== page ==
3. 3. Goldman Sachs Global Economics, Commodities and Strategy Research The Olympics and Economics 2012 The Olympics and Economics 2012 For some years, the GS Economics team has published a guide to the World Cup and Economics, something that is routinely one of our most popular publications. Perhaps even more than the World Cup, the Olympic Games symbolise the values of global integration, international competition and collaboration, stamina, discipline and teamwork. For Brits, even expats like me, the return of the Olympics to the UK is especially exciting. With our London office already preparing to welcome friends and visitors in a few weeks’ time, we take a light-hearted look at the Olympics and Economics, for the very first time. The highlight of this publication, spearheaded by Kamakshya Trivedi and José Ursúa in our Global group, is a series of interviews with past Olympians and Olympic personalities, to whom we are extremely grateful for participating. Michael Johnson—one of the greatest sprinters of all time—talks about the challenges of competing against yourself and others; journalist and former Olympian Matthew Syed puts the London Olympics in historical context; Tim Hollingsworth, the Chief Executive of the British Paralympic Association, discusses the enormous increase in the profile of Paralympians and what they represent; British swimming champion Marc Woods highlights the value of determination; Peter Hudnut, an Olympic water polo silver medallist, talks about his preparations for London 2012; and our own Michael Evans—an Olympic gold-medal-winning rower—discusses the parallels between sport and business. For those of you who have seen GS economists running to client meetings or racing for the first flight out of London Heathrow, the links between economic insight and natural athleticism will already be obvious. But these links run even deeper. Bruce Bennett—an early American Olympian and star of the silver screen—was an economics graduate. As was Billy Kidd—the first American alpine skiing medallist. And Sebastian—now Lord— Coe who, alongside Steve Ovett and Steve Cram, dominated middle-distance running through my childhood, also holds an economics degree. With golf coming to the Rio Olympics in 2016, perhaps that other sporting economics major—Tiger Woods—may join this exclusive club. Helped by our team around the world, we look here at some of the ways in which Olympic performance and economic outcomes might be linked. Kevin Daly looks at the likely economic impact for the UK. Tim Toohey, Mike Buchanan and Yu Song look at the past effects of the Sydney and Beijing Olympics, while Alberto Ramos looks ahead to the prospects for the 2016 host, Brazil. With the Euro crisis dominating investor discussions, Huw Pill and Andrew Benito examine the potential benefits of Euro integration of sports. Their bottom line—good in principle, but needs the right institutional structure—may sound familiar! Kamakshya and José show (with some massaging of the data) that countries with good growth conditions measured by our Growth Environment Scores (GES) have been more likely to win Olympic—not just economic—gold. Nor is it just economics, but markets too, that may have an Olympic link. Hui Shan provides evidence that Olympic hosts see a boost to house prices, looking at detailed US data from Atlanta and Los Angeles. Francesco Garzarelli and George Cole show that stock markets of recent hosts have outperformed in the year after the Games. And Thomas Stolper and Constantin Burgi demonstrate that an ‘Olympic RTWI’—the real trade-weighted currency of successive Olympic hosts—has appreciated strongly over the years. Alongside all this, we provide some basic information on the Olympics—trends and performance statistics—to lighten the load. None of this would have been possible without the Olympic spirit of our London Production team—Linda Britten, Loretta Sunnucks, Ling Luong and Julie Leavy—who have shown once again they can always go the distance and deliver gold. We hope you enjoy the publication and the Games. Dominic Wilson July 11, 2012 1 July 2012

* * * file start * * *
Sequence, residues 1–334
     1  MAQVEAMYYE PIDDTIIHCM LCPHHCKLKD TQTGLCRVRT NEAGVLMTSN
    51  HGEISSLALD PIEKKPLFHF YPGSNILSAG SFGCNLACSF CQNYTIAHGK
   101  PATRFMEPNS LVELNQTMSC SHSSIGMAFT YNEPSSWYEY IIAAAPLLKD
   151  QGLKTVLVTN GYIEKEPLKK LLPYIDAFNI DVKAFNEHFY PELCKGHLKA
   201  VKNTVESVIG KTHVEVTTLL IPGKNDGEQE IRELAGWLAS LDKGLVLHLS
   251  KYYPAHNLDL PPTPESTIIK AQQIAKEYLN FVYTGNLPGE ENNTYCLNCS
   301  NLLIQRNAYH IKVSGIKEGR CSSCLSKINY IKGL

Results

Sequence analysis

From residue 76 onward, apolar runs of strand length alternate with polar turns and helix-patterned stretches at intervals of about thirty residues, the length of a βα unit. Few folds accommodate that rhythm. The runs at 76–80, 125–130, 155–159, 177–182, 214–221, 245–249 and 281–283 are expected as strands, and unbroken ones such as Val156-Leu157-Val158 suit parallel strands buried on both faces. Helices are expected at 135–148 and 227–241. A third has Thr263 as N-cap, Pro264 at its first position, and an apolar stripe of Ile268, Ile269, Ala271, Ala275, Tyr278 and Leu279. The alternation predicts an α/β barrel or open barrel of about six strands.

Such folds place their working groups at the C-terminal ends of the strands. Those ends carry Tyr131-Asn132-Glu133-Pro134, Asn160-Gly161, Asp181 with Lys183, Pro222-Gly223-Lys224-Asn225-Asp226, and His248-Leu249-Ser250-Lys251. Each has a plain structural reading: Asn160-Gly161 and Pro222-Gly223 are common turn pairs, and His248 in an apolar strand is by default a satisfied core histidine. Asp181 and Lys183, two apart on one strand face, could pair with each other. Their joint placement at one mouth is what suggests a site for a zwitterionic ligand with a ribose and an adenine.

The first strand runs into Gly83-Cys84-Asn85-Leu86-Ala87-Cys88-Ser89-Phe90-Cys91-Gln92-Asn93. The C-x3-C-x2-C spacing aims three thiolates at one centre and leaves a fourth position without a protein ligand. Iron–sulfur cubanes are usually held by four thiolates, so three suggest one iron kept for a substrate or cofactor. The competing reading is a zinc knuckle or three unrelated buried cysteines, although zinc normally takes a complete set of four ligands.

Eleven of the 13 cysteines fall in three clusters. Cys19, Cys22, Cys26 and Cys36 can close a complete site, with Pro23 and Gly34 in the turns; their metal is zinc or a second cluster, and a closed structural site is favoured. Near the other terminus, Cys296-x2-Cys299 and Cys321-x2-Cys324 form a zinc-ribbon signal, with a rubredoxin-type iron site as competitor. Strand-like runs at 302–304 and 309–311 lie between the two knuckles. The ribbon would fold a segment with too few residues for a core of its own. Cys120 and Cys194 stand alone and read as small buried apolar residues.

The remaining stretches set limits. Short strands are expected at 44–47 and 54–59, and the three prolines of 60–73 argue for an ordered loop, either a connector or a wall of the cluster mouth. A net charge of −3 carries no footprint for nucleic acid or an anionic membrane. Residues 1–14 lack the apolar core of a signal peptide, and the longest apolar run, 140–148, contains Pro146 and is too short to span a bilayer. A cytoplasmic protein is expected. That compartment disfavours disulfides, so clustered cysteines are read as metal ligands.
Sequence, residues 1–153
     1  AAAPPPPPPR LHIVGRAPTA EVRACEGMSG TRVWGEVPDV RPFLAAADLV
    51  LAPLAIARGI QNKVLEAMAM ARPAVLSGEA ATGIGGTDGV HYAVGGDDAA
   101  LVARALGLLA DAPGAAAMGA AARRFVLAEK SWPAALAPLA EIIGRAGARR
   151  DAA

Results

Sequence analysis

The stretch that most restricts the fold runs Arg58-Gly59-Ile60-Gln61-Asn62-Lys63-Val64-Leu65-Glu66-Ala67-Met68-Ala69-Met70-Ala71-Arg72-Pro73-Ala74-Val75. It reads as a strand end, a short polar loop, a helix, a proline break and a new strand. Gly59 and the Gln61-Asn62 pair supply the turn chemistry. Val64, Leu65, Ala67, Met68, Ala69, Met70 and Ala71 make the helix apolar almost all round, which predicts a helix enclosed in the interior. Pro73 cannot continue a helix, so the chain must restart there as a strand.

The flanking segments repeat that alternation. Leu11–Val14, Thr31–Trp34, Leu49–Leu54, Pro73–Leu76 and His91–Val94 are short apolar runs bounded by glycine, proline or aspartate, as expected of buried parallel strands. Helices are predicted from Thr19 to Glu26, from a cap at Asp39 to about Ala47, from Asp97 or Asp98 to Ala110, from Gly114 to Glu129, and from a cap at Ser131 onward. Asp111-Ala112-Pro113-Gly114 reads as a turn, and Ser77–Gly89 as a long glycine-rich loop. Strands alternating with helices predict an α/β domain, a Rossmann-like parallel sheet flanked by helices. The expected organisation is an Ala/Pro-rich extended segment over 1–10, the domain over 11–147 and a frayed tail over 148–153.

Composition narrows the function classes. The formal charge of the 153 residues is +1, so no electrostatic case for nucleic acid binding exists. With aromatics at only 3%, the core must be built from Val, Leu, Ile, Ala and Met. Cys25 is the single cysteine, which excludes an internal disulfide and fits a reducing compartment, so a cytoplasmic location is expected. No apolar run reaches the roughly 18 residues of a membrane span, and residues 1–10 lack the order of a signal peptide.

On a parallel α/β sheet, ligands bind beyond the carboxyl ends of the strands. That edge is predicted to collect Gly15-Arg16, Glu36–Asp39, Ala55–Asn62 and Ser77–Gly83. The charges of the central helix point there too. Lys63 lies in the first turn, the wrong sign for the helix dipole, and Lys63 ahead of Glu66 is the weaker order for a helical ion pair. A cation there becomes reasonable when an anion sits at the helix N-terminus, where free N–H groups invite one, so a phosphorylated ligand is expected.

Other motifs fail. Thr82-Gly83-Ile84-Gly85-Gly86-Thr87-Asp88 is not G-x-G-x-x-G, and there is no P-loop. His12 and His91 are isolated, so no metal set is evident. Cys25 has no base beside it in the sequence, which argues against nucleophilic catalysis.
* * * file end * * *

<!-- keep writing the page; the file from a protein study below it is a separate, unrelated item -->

4. 4. Goldman Sachs Global Economics, Commodities and Strategy Research The Olympics and Economics 2012Interview with Michael Johnson Michael Johnson is a four-time Olympic gold medallist and world record holder, and remains the only person in history to have won gold medals in both the 200m and 400m events. He is a sports pundit with the BBC and has established himself as one of the UK’s most popular sports broadcasters. Michael is founder of the Michael Johnson Performance Center, a sports training facility located in Dallas, Texas. Q: From your experience of taking in this instance. They will feel more motivated and part in Olympic competitions over inspired, but some may feel afraid of that situation. the past 20 years, what has changed and what remains the What’s most important is the ability to focus on the task atsame about the Games? hand, to be able to execute the race, or the game strategy, in the same way as you have done in the past, prior to theMJ: Not much has changed at all really. One of the great Games. Whatever athletes need to call on to deliver theirthings about the Games is that change doesn’t come quite best performance will be important. If that means using theas quickly as in other sports because it only takes place crowd as inspiration, that’s not going to put additionalevery four years. The historical sense of the Games, the pressure on them. The most important thing is they need toformat, has remained largely the same over the last 20 understand how best to deal with this situation.years—and even going back further than that. I think theygot it right from the very beginning. The format of the Q: You are the only athlete to have won both the 200competition guarantees that you’ll have the best athletes metres and 400 metres dash events in the sameat their best in every Olympiad, and that’s what makes Olympics. What are the next peaks that athletes shouldthis competition so great. aspire to in order to follow in your footsteps?The only thing that has changed is that new sports have MJ: It’s very difficult to have athletes in the sport ofbeen introduced over the years. I know that in 2016 golf athletics who are able to win multiple medals at differentwill be returning to the Games for the first time in many events. It’s difficult enough to win one event. And so ityears and that’s a positive because it appeals to a wider will always be a significant accomplishment for thosebucket of people and a new generation of viewers. athletes who are fortunate to have the talent to be able to compete in two or even three different events. And, as weQ: Do you think there is a difference between competing touched on at the beginning of this conversation, thein Olympic competitions hosted in your own country Games don’t change very much from one to the next.versus those hosted by others? There is this idea that after I won the Olympic gold medal in 200 and 400 metres in 1996 the next generation ofMJ: The significant difference is the build-up to the athletes would try to do something else. The reality is thatGames. For example, over the last few years there has no one has been able to do that since. If you think back tobeen this constant build-up of excitement around the 1936, when Jesse Owens became the first person to winGames in London that you would not experience in the four Olympic gold medals, it wasn’t repeated again untilUS or anywhere else. That excitement means that the Carl Lewis did it in 1984. That’s how slowly things moveBritish athletes who are going to compete in those Games in the Olympics and that’s how significant the history-probably have an advantage that relates to motivation—to making moments are in the Olympics. They just don’tgo out there and train hard every day, and be dedicated happen that often. I think the next peak would be anyand committed to the training so that you can be at your time another athlete can excel in two different events,best when the Games arrive. And that’s what it was like win medals in two different events at the in the US when Atlanta hosted the Games. That’s a significant accomplishment and one of the thingsBut once the Games begin, it really doesn’t matter where many athletes will be aspiring to do. But, obviously,they are held, whether it’s in your own country or in your winning one Olympic gold medal is significant enough.own city. You are not going to have any competitive Q: What do you find most exciting about entering aadvantage—even in front of a home crowd—becausethat’s just the way the Games work. It doesn’t matter competition? Is it the chance of winning, the testing ofwhere in the world the Games are held. The real your own limits, or the desire to be better?advantage is the build-up. MJ: It’s all of those things, and the great thing about the Olympic Games is that you know it is the best opportunityQ: And is there a disadvantage? Is there more pressure if to do all of those things. Winning a grand prix event thatyou are running with your home crowd behind you? happens every year somewhere around the world is oneMJ: Well, pressure is specific to the particular athlete and thing—but winning at the Olympic Games, with all of itsit would be difficult to generalise how each athlete will historic sense, is a completely different thing. When youfeel and respond to pressures. Some athletes will respond talk about testing your own limits and being better, there ispositively to the fact that there is a largely British crowd no better opportunity to do that than at the Olympics, when you know you are testing yourself in the ultimate test 2 July 2012